Foreign words to our society. Whether it is the television, music, phones, games, or just a tapping on the desk while one tries to “think,” noise bombards us. So when you are told to keep your talking to a minimum because of oral surgery and you find yourself in an empty house for a week because your children are at camp, silence takes on a whole new meaning.
Silence is Golden
According to http://www.phrases.org, the saying silence is golden, first came into English by the poet Thomas Carlyle when he translated it from German into his parody Sartor Resartus in 1831. In the story one of his characters speaks of the value of silence in this way:
“Silence is the element in which great things fashion themselves together; that at length they may emerge, full-formed and majestic, into the daylight of Life, which they are thenceforth to rule. Not William the Silent only, but all the considerable men I have known, and the most undiplomatic and unstrategic of these, forbore to babble of what they were creating and projecting. Nay, in thy own mean perplexities, do thou thyself but hold thy tongue for one day: on the morrow, how much clearer are thy purposes and duties; what wreck and rubbish have those mute workmen within thee swept away, when intrusive noises were shut out! Speech is too often not, as the Frenchman defined it, the art of concealing Thought; but of quite stifling and suspending Thought, so that there is none to conceal. Speech too is great, but not the greatest. As the Swiss Inscription says: Sprecfien ist silbern, Schweigen ist golden (Speech is silver, Silence is golden); or as I might rather express it: Speech is of Time, Silence is of Eternity.”
Did you hear the challenge? When your own perplexities of the day begin to overwhelm you, take the time to hold your tongue. It is then that your purpose and duties become clearer. Isn’t this the same wisdom our heavenly Father gives to us, even begs us to implement in our own lives?
“Be still and know that I am God.” Psalm 46:10
Christian George, in his book Sacred Travels, expresses the conflict between our human nature and the nature God desires for us to foster in our personal lives. After spending a 24-hour period without verbal communication, he uses an illustration with amplifiers and antennas.
“…I realized that there are two types of people in this world: amplifiers and antennas. As a recovering amplifier, I can say from experience that I enjoy producing lots of noise. Put me in a crowd of people and let me go. This is why silence comes hard for me.
But silence helps us to be more like antennas, ready to receive any signal the Savior needs to send us. My urge to be an amplifier is strong, and when I woke up the next morning, I felt it more than ever. But after a day and night of wordless meditation and inward contemplation, I came to understand why God insisted that we “be still and know that I am God” (Psalm 46:10).
If we never have times set aside to sit and be still before our God, we will never fully receive all that the Father has for us. We must be conscious of any interference or static that might be keeping us from receiving a full signal from God. Just like you have to be near a cell phone tower to receive the best signal, we too must draw near to Him and remove any barriers (often times our own speech) out of the way so that we can listen.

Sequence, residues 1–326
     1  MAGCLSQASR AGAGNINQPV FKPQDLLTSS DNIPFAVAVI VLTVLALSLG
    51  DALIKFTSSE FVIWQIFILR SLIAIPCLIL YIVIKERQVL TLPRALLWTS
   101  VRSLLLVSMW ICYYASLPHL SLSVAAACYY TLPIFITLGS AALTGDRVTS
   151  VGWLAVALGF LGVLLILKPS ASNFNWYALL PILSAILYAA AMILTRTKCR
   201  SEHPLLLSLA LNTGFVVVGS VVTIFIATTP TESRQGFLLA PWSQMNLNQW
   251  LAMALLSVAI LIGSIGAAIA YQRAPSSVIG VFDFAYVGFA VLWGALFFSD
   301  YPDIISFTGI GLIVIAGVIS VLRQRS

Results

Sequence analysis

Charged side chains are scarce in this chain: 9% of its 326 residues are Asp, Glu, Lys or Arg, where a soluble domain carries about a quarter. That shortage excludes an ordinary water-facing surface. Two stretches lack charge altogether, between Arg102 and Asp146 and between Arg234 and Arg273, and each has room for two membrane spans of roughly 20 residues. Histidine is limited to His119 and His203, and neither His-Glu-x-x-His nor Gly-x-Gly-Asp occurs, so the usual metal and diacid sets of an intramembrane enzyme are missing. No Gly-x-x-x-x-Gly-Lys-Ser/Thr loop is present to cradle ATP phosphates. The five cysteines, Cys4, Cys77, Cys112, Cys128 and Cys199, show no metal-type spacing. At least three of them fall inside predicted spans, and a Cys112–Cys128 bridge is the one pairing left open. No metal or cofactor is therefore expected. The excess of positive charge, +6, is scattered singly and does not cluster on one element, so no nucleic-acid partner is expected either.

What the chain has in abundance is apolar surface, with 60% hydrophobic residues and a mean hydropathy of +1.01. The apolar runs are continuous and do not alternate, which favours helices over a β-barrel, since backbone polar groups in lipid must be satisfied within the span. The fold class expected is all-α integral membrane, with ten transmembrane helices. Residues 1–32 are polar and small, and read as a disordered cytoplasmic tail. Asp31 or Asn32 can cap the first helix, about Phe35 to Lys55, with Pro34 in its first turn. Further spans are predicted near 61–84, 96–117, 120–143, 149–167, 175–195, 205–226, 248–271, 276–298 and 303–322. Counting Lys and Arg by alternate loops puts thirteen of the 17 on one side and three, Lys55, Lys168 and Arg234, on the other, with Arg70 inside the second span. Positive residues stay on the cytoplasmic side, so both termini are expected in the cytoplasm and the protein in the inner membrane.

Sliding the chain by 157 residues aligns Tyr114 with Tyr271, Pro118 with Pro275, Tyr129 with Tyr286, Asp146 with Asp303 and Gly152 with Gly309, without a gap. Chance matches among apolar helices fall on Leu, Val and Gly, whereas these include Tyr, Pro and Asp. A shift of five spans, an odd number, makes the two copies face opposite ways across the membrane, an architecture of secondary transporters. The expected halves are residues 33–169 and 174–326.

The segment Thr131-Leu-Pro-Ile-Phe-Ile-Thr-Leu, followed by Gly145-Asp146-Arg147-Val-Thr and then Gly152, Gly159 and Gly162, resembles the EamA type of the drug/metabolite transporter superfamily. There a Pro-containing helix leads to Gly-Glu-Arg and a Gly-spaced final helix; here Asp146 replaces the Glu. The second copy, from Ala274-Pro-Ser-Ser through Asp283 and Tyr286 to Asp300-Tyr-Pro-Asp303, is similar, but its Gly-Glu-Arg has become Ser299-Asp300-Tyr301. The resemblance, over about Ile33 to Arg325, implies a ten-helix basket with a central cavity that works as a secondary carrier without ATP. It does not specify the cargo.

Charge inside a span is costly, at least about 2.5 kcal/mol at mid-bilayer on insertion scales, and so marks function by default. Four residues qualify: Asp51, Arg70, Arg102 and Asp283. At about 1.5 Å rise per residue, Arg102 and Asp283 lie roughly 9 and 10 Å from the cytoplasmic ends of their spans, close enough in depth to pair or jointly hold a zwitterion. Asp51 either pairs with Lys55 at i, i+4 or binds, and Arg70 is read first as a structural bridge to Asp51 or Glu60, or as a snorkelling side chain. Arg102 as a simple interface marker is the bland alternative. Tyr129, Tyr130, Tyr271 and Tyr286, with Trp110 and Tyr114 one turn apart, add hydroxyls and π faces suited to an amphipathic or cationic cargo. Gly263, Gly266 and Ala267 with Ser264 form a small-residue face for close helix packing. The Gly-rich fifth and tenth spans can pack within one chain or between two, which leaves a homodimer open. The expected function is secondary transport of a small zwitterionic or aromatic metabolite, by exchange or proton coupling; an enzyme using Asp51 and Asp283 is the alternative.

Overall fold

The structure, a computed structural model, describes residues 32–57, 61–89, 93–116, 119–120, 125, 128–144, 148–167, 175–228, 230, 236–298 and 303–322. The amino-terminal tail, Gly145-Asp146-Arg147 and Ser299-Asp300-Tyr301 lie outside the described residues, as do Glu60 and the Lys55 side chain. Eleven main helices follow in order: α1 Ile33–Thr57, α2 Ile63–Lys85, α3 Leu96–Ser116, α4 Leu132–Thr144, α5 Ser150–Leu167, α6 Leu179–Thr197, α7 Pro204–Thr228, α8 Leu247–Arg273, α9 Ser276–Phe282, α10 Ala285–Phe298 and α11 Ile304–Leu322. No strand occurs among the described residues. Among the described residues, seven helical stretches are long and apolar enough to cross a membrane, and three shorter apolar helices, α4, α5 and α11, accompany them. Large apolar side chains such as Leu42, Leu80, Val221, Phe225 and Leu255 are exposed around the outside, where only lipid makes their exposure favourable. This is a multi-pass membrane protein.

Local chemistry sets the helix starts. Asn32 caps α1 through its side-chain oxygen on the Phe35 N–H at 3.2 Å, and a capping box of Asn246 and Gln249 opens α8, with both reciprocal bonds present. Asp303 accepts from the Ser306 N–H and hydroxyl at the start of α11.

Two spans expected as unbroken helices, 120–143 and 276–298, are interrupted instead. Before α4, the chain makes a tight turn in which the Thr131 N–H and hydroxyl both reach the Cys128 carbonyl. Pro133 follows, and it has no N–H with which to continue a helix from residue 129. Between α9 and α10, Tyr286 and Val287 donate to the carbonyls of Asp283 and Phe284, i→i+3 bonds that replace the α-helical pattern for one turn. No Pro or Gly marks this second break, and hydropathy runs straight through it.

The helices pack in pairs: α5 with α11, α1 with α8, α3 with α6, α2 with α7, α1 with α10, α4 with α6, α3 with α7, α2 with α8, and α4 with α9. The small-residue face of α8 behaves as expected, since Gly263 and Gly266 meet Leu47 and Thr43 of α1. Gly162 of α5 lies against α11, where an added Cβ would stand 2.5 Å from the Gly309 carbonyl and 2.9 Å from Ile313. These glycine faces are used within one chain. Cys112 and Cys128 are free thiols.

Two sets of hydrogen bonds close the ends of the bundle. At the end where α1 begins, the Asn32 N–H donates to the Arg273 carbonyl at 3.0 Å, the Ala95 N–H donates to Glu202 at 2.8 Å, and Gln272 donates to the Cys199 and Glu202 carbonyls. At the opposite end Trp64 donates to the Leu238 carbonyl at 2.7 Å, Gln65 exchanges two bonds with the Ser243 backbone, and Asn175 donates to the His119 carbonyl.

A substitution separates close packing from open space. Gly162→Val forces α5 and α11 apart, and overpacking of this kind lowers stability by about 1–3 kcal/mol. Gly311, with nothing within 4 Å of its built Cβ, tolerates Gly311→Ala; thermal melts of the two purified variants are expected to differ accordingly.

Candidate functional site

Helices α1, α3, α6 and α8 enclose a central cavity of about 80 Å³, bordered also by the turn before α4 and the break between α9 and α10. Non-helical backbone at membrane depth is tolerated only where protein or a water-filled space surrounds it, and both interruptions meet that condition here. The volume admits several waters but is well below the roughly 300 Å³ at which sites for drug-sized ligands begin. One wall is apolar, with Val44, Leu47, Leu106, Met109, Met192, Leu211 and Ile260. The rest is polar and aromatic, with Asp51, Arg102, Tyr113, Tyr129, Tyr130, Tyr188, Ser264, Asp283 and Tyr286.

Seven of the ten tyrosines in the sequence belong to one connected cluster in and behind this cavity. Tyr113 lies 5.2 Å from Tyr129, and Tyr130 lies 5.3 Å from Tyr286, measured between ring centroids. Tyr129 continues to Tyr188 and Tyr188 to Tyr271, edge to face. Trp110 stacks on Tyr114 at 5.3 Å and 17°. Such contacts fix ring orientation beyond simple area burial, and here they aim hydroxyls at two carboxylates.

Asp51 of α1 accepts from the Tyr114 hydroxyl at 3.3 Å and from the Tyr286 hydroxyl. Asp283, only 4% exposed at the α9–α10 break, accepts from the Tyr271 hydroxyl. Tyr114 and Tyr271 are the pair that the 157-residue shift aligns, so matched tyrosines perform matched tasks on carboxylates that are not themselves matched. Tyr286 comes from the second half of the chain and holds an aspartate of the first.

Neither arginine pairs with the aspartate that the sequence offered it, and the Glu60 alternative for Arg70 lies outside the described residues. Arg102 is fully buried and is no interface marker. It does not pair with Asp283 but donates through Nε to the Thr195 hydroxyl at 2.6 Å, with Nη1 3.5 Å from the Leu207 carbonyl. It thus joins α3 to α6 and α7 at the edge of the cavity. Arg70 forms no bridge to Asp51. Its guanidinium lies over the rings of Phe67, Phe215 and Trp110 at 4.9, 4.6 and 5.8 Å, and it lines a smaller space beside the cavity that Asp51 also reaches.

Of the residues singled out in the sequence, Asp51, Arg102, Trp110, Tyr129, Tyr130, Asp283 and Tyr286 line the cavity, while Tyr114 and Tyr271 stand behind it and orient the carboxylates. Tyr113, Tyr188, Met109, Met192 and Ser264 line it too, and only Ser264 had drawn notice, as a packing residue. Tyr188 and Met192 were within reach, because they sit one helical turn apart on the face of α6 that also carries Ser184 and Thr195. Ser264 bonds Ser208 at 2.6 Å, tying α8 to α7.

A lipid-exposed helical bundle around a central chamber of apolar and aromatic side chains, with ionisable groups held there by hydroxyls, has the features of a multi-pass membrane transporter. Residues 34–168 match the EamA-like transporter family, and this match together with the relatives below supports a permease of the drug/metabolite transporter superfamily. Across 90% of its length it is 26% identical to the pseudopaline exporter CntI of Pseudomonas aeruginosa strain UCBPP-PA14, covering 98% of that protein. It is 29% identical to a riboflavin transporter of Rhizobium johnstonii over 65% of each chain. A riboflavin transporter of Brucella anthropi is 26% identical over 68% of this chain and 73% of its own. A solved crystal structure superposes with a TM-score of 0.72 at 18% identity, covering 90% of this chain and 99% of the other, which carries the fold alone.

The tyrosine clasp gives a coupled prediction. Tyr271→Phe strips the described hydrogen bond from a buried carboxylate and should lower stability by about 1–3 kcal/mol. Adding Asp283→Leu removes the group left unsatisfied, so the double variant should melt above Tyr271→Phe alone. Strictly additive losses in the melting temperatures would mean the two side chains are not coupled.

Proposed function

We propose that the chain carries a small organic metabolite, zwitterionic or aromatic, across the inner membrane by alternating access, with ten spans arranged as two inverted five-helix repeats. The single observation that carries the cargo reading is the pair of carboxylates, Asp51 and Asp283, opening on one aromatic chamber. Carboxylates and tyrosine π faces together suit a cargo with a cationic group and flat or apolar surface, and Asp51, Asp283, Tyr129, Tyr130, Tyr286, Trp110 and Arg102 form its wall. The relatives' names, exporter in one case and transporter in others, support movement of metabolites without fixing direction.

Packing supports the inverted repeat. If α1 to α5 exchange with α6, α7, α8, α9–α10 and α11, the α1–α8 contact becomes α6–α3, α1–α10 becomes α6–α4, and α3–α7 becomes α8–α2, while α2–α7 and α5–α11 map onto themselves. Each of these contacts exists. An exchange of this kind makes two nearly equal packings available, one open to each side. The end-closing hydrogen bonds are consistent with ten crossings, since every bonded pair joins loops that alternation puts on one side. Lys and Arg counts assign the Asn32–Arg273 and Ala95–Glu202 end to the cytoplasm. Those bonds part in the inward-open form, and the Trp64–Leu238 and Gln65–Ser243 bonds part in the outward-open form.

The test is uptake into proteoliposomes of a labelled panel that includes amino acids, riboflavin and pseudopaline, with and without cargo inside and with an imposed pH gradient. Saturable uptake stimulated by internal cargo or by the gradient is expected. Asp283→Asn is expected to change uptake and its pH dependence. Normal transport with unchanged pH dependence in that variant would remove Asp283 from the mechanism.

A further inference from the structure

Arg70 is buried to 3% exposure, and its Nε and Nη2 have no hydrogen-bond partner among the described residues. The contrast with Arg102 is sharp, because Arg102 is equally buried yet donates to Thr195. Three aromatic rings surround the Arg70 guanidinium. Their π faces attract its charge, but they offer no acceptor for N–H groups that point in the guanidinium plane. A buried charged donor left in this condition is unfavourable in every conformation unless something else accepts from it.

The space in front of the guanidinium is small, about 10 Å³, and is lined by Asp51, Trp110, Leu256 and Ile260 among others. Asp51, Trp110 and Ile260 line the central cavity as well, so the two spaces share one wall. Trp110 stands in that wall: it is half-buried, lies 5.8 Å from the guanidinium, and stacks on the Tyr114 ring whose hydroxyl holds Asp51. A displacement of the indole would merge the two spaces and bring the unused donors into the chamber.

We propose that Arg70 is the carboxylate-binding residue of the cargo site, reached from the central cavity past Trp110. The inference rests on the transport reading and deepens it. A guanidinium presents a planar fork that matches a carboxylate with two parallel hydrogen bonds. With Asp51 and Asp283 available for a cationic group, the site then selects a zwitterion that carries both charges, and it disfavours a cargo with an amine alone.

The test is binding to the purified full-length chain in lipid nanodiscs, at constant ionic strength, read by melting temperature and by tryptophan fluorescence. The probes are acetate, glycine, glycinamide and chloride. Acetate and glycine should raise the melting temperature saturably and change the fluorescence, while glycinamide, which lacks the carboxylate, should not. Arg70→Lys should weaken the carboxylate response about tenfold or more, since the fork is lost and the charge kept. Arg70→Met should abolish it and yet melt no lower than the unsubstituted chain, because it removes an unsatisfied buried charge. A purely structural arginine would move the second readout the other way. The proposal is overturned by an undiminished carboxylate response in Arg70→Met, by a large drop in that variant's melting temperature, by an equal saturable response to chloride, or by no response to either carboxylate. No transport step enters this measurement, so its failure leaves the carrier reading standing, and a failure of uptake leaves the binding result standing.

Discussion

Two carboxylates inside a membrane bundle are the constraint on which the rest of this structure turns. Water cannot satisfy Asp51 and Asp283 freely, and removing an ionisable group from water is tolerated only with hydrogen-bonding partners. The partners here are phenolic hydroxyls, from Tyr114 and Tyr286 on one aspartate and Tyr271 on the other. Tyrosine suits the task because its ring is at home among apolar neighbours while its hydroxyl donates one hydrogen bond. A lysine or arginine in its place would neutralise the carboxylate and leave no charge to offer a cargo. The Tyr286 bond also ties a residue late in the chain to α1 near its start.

Some of my children do not like to study at the library because it is too quiet. They would rather be able to be distracted from their work than left alone with their thoughts and studies. Carlyle referenced in his parody, speech stifles our thought. If quietness makes room for thought, then it is not surprising how much speech is thrown at us to prevent us from truly thinking through the issues of our day. The media would rather do our thinking for us than to allow us the time to meditate on God’s word and gain His insight and wisdom. Thus, we can see the battle for what it really is. If Satan can keep our minds full of noise, then we will have no time to sit still with God and hear the voice of our loving Father. It is a battle and we must fight for those still, quiet moments. George maintains that the battle for those still moments is critical because it prepares us for the war.
“Silent moments with the Savior season us for spiritual combat. Our journey through life is so splashy with activity that we often struggle just to keep our heads above the waves. Henri Nouwen submits, ‘We have, indeed, to fashion our own desert where we can withdraw every day, shake off our compulsions, and dwell in the gentle healing presence of our Lord.’ No matter where we are or what we are doing, we can always take a moment to be with our Maker–morning moments, shower moments, stoplight moments, lunchtime moments, midnight moments.”
A dear friend over the past few years has challenged me to remember siren prayers. Prayers that whenever you hear a siren, you lift up that situation and the people involved in prayer. This is one way to practice silent moments. Another way is to remember the charge in Deuteronomy.
“Imprint these words of mine on your hearts and minds, bind them as a sign on your hands and let them be a symbol on your foreheads. Teach them to your children, talking about them when you sit in your house and when you walk along the road, when you lie down and when you get up.” Deuteronomy 11:18-20
Today, I challenge you to take some time be silent. Turn off all the noise around you and meditate on God through His Word and through His still small voice.